Japan To Suspend Beef Shipments From Tyson Processing Plant

Inspectors found two boxes of rib meat with insufficient shipping documents.

TOKYO (AP) - Japan will suspend beef imports from a Nebraska processing plant after finding meat in a shipment that may violate a regulation imposed over mad cow concerns, the government said Friday.

The Ministries of Health and Agriculture said inspectors at the port of Yokohama found two boxes of rib meat in a shipment sent by U.S. agricultural giant Tyson Food Inc. from its plant in Lexington, Nebraska, that were not recorded in the accompanying shipping documents.

The shipment's importer could not confirm that the meat met a government requirement that all beef destined for Japan be from animals age 20 months or younger, the ministries said in a statement. Young animals are believed less likely to be infected with mad cow disease, the common name for bovine spongiform encephalopathy.

U.S. officials have told Japan the boxes were erroneously included in the shipment, the statement said.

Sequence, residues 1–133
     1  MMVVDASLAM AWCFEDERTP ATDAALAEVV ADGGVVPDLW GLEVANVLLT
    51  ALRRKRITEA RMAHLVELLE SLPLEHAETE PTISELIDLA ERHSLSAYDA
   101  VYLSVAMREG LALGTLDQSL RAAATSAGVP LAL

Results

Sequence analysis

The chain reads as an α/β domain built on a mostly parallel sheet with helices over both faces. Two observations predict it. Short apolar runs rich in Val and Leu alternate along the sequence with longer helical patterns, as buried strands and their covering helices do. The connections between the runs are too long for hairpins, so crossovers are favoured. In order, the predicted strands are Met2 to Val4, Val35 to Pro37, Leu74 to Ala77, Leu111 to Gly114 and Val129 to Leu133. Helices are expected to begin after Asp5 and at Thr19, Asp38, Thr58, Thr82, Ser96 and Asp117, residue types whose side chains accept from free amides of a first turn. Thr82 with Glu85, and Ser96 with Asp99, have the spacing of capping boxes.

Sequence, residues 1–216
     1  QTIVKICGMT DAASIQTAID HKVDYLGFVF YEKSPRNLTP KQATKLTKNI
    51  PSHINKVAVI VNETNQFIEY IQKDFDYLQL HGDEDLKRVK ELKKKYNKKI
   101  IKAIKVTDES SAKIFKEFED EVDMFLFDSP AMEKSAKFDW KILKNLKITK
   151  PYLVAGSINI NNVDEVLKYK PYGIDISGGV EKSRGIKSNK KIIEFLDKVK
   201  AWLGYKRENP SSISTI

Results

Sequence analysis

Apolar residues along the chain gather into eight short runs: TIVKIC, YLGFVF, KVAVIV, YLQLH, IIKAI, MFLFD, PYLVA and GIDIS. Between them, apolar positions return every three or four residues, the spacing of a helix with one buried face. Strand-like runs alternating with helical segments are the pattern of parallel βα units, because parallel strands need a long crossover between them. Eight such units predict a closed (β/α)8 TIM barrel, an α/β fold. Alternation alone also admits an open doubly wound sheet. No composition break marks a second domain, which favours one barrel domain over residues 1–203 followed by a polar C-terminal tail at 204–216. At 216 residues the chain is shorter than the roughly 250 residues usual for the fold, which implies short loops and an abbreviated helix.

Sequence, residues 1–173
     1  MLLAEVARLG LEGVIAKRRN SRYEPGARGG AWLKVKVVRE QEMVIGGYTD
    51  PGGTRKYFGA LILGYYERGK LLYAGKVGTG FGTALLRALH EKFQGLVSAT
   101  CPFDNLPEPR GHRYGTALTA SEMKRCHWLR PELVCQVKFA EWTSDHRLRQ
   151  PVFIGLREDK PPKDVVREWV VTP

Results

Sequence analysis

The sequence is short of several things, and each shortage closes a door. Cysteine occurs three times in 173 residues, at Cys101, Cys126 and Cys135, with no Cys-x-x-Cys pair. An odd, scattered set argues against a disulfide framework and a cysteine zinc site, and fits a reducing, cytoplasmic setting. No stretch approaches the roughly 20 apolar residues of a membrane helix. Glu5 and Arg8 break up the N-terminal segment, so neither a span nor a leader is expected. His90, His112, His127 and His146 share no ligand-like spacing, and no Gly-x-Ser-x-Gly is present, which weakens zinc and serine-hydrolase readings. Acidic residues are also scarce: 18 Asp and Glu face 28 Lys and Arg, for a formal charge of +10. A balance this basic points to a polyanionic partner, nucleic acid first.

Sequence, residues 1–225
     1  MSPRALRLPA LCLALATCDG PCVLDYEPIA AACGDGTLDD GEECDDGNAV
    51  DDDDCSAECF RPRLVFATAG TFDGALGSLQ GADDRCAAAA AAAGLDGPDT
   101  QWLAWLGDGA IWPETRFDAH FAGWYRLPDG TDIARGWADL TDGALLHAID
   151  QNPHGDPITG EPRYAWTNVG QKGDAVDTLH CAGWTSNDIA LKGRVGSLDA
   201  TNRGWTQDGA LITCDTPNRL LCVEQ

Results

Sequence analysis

It said the ministries decided to suspend shipments from the processing plant until Japan gets more information from U.S. authorities and the exporter.

No banned materials have been found in the shipment, which consisted of about nine tons of frozen beef, the statement said.

The U.S. Embassy said the Department of Agriculture was working to verify details about the shipment, and planned to report its findings to Japan as soon as the information is collected.

Japan's Prime Minister Shinzo Abe told reporters Friday that the suspension was necessary to ensure food safety.

''We need to investigate further,'' Abe said.

Eating meat contaminated with mad cow disease is linked to human variant Creutzfeldt-Jakob Disease, a rare but deadly nerve disorder.